Pharmacokinetics and Pharmacodynamics of Antimalarial Drugs Used in Combination Therapy

Currently Used Antimalarial Drug Combination Therapies

Author(s): Qigui Li and Mark R. Hickman

Pp: 31-62 (32)

DOI: 10.2174/9781681080543115010006

* (Excluding Mailing and Handling)


Drug combination therapy is derived from the premise that administering two or more drugs at the same time that have synergism or additive effects with independent efficacy and different targets will lead to enhanced efficacy and diminished drug resistance. As medicinal chemistry and biological knowledge of the malaria parasite advances, drug combinations for treatment of malaria have become the standard of care. A number of efforts have been made over the years to quantitate the relationship between dose and effect of each drug partner alone and the dose effect relationship of the drugs in combination and to assess whether a drug combination provides a synergistic effect. Antimalarial drug combination therapy (CT) involves the administration of two or more blood schizonticidal drugs each with a separate and different mechanism of action and each targeted to a different parasite protein or process. As described here, drug combinations for antimalarial treatment that include a non-antimalarial drug provided to enhance antimalarial efficacy of a blood schizonticidal drug do not qualify as combination therapy. Artemisinin based combination therapies (ACTs) have been adopted in Asia since 1992 and in Africa since 2000, and these drug combinations have been shown to improve vastly antimalarial treatment efficacy. ACTs are now first-line treatment for P. falciparum malaria globally; they are more effective than non-artemisinins combinations or monotherapies, and ACTs reduce the chances of development of parasite drug resistance. ACTs demonstrate certain key performance parameters associated all of which are related to the unique activities of the artemisinin component, and these features include:1) rapid reduction of the biomass of the parasite; 2) swift clearance of parasites; 3) prompt resolution of patient symptoms; 4) successful treatment against multidrug-resistant P. falciparum and 5) decrease in incidence of gametocyte carriage, which, in theory, will result in turn in reduction of transmission of drug resistant parasites bearing drug resistance alleles.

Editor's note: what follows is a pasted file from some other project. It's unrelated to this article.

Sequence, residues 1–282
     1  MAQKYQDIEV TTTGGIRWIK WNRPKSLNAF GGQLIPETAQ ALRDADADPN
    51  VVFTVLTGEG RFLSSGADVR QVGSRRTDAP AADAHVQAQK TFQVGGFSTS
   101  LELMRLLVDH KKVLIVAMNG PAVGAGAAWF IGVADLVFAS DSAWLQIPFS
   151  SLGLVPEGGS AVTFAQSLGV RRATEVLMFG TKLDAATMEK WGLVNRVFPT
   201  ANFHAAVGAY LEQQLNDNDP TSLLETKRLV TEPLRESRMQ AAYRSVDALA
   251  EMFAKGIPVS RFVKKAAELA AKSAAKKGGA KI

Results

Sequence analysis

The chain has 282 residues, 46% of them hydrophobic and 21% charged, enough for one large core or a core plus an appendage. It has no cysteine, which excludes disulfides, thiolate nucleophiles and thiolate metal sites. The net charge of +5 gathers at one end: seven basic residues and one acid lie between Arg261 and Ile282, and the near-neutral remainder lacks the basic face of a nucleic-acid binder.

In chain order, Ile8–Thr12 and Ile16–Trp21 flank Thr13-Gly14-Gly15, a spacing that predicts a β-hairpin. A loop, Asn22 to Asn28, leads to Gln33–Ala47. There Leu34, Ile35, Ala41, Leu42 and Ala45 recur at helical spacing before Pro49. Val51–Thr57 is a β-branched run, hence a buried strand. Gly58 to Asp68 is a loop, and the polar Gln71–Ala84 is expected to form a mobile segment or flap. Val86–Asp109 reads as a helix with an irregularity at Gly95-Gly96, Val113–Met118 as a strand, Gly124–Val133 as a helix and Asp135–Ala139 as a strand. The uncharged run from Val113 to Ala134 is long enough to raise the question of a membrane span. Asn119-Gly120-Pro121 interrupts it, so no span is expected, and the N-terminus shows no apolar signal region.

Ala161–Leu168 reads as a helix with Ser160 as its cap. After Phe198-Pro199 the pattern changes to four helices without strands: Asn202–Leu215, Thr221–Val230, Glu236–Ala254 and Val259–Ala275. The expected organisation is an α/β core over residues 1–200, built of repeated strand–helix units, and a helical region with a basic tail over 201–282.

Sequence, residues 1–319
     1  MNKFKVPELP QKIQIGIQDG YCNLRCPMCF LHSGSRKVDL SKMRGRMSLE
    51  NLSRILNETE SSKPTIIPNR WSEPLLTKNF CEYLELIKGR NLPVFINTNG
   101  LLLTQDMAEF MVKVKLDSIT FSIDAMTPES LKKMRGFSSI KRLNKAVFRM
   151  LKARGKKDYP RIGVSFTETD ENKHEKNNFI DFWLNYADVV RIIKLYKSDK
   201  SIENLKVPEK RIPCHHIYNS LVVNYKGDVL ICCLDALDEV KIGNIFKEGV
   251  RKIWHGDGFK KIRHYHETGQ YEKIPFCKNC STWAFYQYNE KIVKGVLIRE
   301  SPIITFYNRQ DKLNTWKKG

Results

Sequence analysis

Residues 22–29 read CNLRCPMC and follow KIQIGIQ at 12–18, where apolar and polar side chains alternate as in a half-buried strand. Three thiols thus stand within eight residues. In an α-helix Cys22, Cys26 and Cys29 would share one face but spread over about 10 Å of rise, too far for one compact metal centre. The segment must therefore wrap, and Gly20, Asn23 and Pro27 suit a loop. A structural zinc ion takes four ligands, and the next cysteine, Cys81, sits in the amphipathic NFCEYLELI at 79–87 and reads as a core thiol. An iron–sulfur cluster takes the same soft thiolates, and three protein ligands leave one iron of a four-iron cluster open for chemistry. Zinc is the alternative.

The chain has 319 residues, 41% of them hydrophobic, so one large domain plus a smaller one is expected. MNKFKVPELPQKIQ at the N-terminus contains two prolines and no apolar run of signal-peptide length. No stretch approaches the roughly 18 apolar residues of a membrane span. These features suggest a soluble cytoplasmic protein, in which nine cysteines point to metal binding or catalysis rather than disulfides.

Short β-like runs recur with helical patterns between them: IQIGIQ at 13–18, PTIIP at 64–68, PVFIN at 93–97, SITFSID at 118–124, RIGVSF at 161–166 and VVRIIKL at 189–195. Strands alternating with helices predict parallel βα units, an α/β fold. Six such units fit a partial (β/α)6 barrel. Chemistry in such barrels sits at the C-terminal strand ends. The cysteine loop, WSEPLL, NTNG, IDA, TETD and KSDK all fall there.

Keywords: Additive, artemisinin derivatives, combination therapy, first line, monotherapy, non-artemisinin drug combination, standard of care, synergism, therapeutic efficacy.

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